P: n/a > I don't think it's irrelevant. Debugging is not defined in C++ language Standard. Yes, I know, the world is a cruel place. But can't it be that your debugger is wrong? Maybe, but I was building my point view on float representation of numbers and the debugger seemed to prove it... The point I was trying to make was simple: you cannot compare two different representations. You need to compare two representations of the same kind. External with external, for example. If you read five significant digits, you need to compare it with the output that has only five significant digits otherwise it's bogus. I couldn't agree more... But as you can see this makes no difference as a whole as the calculation would be affected by a very small amount, if any, and all the printing function would consider this... I don't understand that statement, sorry. For the first I meant: It's a fact that float can't represent all numbers accuratley (that's why we need that Epsilon test), however the Inaccuracy is negligible and won't affect the calculation. For the second statement I meant : if atoi() would return 184.64 as 184.63999999 then printf() would print 184.63999999 as 184.64 Abdo Haji-Ali Programmer In|Framez Apr 12 '06 #11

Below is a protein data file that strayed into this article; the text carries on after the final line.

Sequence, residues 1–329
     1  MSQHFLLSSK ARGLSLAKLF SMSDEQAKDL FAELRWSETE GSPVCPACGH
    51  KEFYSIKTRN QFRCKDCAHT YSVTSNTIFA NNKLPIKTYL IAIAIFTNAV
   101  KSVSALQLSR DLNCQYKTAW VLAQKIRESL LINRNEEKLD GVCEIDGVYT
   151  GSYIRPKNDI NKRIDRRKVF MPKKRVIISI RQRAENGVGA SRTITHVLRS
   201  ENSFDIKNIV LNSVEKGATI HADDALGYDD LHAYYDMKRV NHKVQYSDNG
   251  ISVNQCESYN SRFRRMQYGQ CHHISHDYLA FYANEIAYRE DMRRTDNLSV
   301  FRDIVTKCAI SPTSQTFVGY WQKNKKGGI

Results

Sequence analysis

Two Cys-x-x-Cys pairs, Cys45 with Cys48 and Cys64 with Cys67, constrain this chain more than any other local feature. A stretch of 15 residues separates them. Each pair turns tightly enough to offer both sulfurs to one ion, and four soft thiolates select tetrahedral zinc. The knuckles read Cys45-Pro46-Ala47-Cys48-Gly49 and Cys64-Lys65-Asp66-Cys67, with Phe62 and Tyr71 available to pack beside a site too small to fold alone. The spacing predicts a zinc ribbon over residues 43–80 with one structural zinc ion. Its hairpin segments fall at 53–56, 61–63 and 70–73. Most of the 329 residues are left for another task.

P: n/a "Victor Bazarov" writes: osmium wrote: That *is* the exact value that was passed. It is the best approximation for that number that the compiler could come up with and it doesn't look like adding bits to the representation would help. Actually, it's the debugger's best approximation of the best approximation that the run-time could come up with. The compiler doesn't get its hands on the actual double value. It's a sequence of chars in the source. If there is information there, as opposed to words, it eludes me. Apr 12 '06 #12

 P: n/a osmium wrote: I would guess there are some helpful links or information on this problem in the FAQ, or try Wikipedia. I would recommend reading "What Every Computer Scientist Should Know About Floating-Point Arithmetic" by David Goldberg: http://docs.sun.com/source/806-3568/ncg_goldberg.html -- Marcus Kwok Replace 'invalid' with 'net' to reply Apr 12 '06 #13